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Moab GONE?? HEARING IS THURSDAY October 1st!!!!

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Joined: 30 Sep 2009

PostPosted: Wed Sep 30, 2009 2:29 pm    Post subject: Moab GONE?? HEARING IS THURSDAY October 1st!!!! Reply with quote

Might be too late to see it here but I thought I would get the ball rolling and sort of introduce myself...

Make three simple phone calls. Get the readily available numbers here:
Stacie Albright
Life Member BlueRibbon Coalition
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Joined: 21 Jul 2008
Location: Mesa, Arizona

PostPosted: Wed Sep 30, 2009 8:05 pm    Post subject: Reply with quote

You might be interesed in these links. Its very active at the VJC.
Thanks for your help Very Happy
dont ask me
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Joined: 01 Jan 2004
Location: Uzbekistan

PostPosted: Thu Oct 08, 2009 12:50 am    Post subject: Reply with quote

Here's what Orrin Hatch had to say:

Mr. Chairman I am grateful for the opportunity to address this committee with regard to H.R. 1925, America's Red Rock Wilderness Act of 2009. I also want to thank the witnesses from Utah who have come to provide testimony today on both sides of this legislation. In particular, I thank Lieutenant Governor Greg Bell of Utah. His views are of significant value to us during the consideration of this proposal. We will also hear from Carbon County Commissioner John Jones; Peter Metcalf, the president of Black Diamond Equipment; Bryson Garbett, a former Utah State Legislator; and Rocky Anderson, the former mayor of Salt Lake City.

First off, I note the title of the bill under consideration. The authors of the legislation were careful to name it "America's Red Rock Wilderness Act," not Utah's Red Rock Wilderness Act, even though the bill's only purpose is to designate more than one-sixth of my state as formal wilderness. According to the authors of this legislation, Utahns have no special claim to those nine million acres within our state's boundaries. After all, Mr. Chairman, those are federal lands, and they belong to ALL Americans, they argue. Well, there may be some truth to that point of view, but it's an intentionally simplistic view, and any member of Congress with federal lands within his or her district will quickly recognize that. And I would be surprised if there were many members of Congress who would not take at least some offense at a proposal to set aside a sixth of their state or district without their consultation or input.

It is true that all Americans are stakeholders in the management of our federal lands. But in law and in policymaking, stakeholders are not always equal. It is a basic principle of policymaking that stakeholders should be involved in the formulation of policies that would affect them. And it follows, Mr. Chairman, that the voices of those stakeholders most impacted by legislation should be given the greatest weight. This proposal turns that principle on its head.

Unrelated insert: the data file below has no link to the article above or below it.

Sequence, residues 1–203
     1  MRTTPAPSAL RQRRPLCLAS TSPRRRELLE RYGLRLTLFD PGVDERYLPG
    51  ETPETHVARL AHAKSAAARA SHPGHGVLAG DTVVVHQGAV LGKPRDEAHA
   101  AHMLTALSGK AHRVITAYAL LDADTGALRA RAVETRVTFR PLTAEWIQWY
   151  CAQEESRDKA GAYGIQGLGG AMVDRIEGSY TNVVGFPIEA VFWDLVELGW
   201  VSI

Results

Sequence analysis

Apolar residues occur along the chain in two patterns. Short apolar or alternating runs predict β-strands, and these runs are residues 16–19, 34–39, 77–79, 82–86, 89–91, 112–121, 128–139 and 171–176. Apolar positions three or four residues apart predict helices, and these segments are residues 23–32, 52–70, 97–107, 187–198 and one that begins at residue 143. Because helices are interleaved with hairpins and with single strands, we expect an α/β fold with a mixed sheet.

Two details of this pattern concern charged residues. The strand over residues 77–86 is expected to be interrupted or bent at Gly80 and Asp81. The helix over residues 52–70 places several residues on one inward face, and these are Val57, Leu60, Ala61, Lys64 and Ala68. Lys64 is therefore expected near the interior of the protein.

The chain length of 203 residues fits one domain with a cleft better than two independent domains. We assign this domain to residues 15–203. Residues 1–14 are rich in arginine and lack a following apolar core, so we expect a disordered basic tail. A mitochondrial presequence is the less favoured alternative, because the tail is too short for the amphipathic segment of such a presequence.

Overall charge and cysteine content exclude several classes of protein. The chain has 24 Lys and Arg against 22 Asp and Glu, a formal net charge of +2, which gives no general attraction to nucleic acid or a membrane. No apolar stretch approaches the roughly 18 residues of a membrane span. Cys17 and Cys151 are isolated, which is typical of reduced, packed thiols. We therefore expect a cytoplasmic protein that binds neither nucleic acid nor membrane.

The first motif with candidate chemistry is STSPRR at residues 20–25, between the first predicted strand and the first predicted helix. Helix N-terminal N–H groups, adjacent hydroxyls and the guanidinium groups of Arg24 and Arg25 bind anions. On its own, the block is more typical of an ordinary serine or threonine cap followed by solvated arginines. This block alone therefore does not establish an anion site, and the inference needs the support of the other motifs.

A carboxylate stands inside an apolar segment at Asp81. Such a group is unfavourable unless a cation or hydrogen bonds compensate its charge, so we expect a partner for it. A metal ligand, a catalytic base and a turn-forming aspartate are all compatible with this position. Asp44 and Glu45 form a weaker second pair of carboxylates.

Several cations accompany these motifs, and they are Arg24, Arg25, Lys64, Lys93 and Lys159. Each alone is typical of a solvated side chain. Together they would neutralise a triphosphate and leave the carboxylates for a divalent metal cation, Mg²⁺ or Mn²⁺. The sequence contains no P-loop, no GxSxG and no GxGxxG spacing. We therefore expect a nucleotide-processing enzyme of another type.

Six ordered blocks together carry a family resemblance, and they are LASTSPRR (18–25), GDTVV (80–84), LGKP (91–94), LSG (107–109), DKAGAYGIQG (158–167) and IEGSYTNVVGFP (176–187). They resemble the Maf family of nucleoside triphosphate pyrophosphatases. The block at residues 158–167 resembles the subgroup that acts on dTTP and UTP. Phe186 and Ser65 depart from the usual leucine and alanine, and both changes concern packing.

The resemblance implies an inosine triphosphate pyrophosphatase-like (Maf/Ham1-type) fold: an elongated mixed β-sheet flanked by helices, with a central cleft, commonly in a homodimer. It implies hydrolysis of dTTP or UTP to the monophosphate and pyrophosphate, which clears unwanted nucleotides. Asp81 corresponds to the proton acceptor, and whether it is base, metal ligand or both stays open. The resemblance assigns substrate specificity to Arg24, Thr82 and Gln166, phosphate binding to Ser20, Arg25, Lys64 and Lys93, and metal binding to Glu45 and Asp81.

Certainly, those Americans who live on and around public lands, and sometimes make their living on them, have the greatest stake in management decisions affecting those lands. It is wrong that this legislation turns a completely deaf ear to these most significant stakeholders.

Year after year, we have seen this legislation introduced in Congress. The bill is monumental in its scope: nine million acres of land within only one state. It would cover an area that is actually larger than a number of states put together. But it's also a monument to an old way of approaching wilderness designation. To be more precise, it's a monument to a failed approach to wilderness designation.

The special interest groups who are behind this bill have raised tens of millions of dollars over the years, with the promise to their donors that the money would be spent to protect important tracts of beautiful red rock in Utah. I've seen some of their past brochures, and to be honest, a lot of the pictures they show are of areas already protected from development. They strategy has been to play to American's emotions, rather than to constructively work to win actual wilderness protection. In fact, all that money and all that effort has produced exactly zero acres of new wilderness in Utah.

Meanwhile, members of the Utah Congressional delegation have done the hard work of doing wilderness the right way. We've listened to all interested parties, and especially to those stakeholders with the most at stake. And by collaboration and inclusion we have had success. And, Mr. Chairman, we continue to seek areas of agreement among broad sets of stakeholders for the designation of more wilderness in our state.

I know that the authors and cosponsors of this legislation - none of which are from Utah - are sincere in their effort to provide protections for important areas in Utah - even if they have never seen those areas. To those colleagues who have put their names on this proposal I say: Thanks, but no thanks. I think as a congressional delegation we have proven we can handle the question of wilderness in Utah.

Thank you Mr. Chairman.
Nothing to see here.
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